The first GOP presidential debates did something remarkable: They whetted America’s appetite for even more entertaining and somewhat informative appearances by the candidates.
Don’t worry on that count. Republican Party leaders have scheduled about a dozen additional debates. The next one is scheduled Sept. 16 at the Ronald Reagan Presidential Library in California, certainly a shrine for many of the candidates who name-dropped the 40th American president.
The Fox News moderators had done their homework. Instead of being lapdogs for GOP positions on issues, they generally lobbed tough questions, especially when the top 10 candidates squared off in prime time. One highlight was Megyn Kelly’s challenge to Donald Trump for his often-offensive comments about women. Jeb Bush, Scott Walker and Chris Christie also had to respond to somewhat brutal assessments of their records.
The conceit of nudging candidates to engage with one another worked several times to spark frank exchanges, led by the barbs between Christie and Rand Paul on national security.
The debate likely changed few minds on who are the frontrunners for the GOP nomination. Trump’s appeal to disaffected Americans was on full display, though his tell-it-like-I-see-it posture (“We don’t win anymore”) quickly got tiresome. The more thoughtful qualities of John Kasich, Marco Rubio and Bush came across, helping their causes, though Bush continues to fumble whenever asked to address foreign policy.
But Ted Cruz did nothing to break out of the pack or engender confidence in his ability to govern. Paul mostly got lost in the shuffle. Walker fumbled for answers on why his job creation tactics had not worked as well as advertised (shades of Kansas Gov. Sam Brownback). And good luck to Mike Huckabee being taken seriously after that suggestion to “tax the pimps and prostitutes.”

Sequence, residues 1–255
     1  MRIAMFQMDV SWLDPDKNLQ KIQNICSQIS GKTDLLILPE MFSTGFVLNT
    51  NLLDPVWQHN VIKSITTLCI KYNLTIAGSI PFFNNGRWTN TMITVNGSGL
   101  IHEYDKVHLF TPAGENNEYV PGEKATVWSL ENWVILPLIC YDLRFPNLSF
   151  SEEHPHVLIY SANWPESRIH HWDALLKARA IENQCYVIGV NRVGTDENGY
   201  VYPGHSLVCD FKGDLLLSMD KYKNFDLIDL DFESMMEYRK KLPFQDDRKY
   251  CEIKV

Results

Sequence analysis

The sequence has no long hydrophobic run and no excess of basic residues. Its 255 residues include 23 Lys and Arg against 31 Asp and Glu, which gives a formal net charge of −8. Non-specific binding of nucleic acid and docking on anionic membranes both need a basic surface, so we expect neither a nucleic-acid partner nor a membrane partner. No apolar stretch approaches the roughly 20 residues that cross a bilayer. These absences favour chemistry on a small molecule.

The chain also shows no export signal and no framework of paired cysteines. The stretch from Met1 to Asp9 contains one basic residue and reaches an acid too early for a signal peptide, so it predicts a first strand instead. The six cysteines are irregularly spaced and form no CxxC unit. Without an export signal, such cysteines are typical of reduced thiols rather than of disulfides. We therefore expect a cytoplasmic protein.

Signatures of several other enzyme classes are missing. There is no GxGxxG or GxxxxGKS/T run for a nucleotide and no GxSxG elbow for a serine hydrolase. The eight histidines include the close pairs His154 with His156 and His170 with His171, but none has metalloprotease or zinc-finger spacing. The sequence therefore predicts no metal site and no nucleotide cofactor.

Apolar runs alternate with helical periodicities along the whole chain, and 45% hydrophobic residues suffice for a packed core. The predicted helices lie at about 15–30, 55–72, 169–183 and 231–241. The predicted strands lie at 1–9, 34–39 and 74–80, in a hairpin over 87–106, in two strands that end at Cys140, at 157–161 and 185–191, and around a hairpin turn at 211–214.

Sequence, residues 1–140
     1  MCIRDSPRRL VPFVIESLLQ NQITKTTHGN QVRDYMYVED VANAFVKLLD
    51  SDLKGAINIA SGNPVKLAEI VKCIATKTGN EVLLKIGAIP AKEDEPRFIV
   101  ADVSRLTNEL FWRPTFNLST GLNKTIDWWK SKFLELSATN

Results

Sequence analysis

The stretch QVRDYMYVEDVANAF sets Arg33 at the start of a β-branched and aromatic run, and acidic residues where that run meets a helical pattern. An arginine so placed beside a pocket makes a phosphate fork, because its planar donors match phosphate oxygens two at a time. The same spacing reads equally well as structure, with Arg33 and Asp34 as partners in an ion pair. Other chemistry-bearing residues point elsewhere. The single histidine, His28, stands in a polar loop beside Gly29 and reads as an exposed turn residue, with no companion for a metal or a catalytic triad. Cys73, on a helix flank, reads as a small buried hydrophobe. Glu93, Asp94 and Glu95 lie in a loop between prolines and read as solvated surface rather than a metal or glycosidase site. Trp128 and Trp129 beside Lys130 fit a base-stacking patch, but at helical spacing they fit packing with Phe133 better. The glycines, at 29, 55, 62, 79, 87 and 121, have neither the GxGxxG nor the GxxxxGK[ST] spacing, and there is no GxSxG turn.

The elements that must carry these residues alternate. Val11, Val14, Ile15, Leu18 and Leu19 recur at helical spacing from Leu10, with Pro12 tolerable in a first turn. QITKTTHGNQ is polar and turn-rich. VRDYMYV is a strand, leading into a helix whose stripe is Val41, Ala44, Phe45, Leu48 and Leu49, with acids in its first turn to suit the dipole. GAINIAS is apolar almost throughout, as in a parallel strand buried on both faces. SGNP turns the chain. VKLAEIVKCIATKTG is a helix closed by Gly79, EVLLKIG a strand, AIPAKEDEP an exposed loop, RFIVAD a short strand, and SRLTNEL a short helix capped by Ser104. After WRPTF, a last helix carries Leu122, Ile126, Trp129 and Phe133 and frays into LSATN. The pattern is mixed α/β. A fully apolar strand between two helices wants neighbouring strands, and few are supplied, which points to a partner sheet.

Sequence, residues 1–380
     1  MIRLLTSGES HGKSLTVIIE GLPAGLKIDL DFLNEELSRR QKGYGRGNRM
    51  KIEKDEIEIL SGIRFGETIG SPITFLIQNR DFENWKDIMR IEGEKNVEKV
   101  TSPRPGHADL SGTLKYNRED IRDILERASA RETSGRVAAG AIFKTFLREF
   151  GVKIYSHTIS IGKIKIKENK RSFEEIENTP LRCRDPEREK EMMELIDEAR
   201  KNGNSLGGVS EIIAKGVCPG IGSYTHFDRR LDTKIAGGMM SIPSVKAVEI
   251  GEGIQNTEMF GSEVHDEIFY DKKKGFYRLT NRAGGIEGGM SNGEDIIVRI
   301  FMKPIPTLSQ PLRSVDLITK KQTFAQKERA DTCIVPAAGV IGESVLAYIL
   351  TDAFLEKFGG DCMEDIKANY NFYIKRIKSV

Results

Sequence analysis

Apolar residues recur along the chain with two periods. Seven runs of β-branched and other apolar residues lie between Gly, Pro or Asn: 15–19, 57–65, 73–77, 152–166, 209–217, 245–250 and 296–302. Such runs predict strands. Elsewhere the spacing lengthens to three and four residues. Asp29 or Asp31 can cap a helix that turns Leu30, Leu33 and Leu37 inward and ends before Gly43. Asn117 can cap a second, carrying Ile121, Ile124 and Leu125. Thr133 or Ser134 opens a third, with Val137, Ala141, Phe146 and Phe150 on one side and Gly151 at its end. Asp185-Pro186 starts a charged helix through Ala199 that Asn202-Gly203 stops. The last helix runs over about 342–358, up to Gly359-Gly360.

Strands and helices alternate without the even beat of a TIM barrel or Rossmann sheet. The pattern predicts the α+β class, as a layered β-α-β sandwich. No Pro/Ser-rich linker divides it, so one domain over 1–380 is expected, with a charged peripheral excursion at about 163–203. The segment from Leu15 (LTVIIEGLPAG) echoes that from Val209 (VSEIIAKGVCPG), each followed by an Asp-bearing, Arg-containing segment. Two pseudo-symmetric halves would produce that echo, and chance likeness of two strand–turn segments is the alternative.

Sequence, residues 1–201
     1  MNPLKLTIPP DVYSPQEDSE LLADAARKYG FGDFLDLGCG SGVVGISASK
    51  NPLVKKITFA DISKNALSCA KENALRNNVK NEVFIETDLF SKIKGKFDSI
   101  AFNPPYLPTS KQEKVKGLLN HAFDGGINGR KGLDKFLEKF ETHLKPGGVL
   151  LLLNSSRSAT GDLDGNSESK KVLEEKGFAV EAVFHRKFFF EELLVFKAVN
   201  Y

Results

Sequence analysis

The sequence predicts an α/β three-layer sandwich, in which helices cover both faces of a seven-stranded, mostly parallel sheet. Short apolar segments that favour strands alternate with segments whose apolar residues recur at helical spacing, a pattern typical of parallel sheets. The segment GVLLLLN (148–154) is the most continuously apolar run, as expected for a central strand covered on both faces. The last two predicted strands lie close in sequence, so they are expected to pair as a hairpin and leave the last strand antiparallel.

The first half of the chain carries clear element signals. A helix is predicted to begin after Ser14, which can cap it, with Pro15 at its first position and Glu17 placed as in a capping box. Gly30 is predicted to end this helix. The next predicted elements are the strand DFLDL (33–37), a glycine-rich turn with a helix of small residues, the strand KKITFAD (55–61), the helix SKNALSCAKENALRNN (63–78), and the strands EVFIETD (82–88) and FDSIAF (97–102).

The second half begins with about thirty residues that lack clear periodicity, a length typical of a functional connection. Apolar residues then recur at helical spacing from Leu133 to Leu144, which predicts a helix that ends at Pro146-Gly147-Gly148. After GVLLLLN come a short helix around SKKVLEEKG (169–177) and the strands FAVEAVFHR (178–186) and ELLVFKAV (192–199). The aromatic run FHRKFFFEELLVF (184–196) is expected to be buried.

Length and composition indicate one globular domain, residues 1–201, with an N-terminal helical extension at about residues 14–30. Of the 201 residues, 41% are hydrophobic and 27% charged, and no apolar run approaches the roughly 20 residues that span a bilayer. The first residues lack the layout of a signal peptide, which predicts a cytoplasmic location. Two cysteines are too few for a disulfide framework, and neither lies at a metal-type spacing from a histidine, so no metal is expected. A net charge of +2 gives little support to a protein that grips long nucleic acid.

Meanwhile, Carly Fiorina was the clear “winner” of the early debate, calmly and directly making her points about America’s future while outshining more experienced politicians such as Rick Perry, Rick Santorum and Lindsey Graham.
Ultimately, many Republican voters watching at home were probably pleased to see their party has a big stable of candidates running for president, ranging from the well-qualified to the outclassed. Hello — and soon goodbye — Ben Carson, George Pataki, Bobby Jindal and Jim Gilmore.
But the debates had their pitfalls, too. The biggest was the lack of probing questions and substantial answers on the economy and jobs.
Bush pledged 4 percent annual economic growth, yet put forth little information on how to accomplish that. Cruz, Trump and others blasted the villains of the moment — illegal immigrants — while ignoring the fact that this relatively small number of people are hardly snatching good-paying jobs out of the hands of Americans.
Even as Sunday’s anniversary of the Michael Brown killing in Ferguson, Mo., drew near, the candidates — with the exception of a soft-spoken but deflective Carson — were not adequately challenged to explain how their leadership could improve race relations in this country.
The Republicans’ hatred for Obamacare, Medicaid expansion and Planned Parenthood came through loudly and clearly, though they offered few realistic plans, for instance, on how to deliver better health care. One exception was Kasich, who nailed the conservative case for expansion of Medicaid eligibility and made a brave, eloquent statement in defense of gay marriage.
Finally, during extensive questioning on foreign affairs, too many candidates — led by Graham — seemed overly eager to send more young American men and women onto the battlefield to die for causes wrapped in the argument that military force, not diplomacy, can resolve modern ideological differences.
The economy and other significant issues will deserve much more attention in Round Two of the Republican debates next month. Don’t forget the popcorn.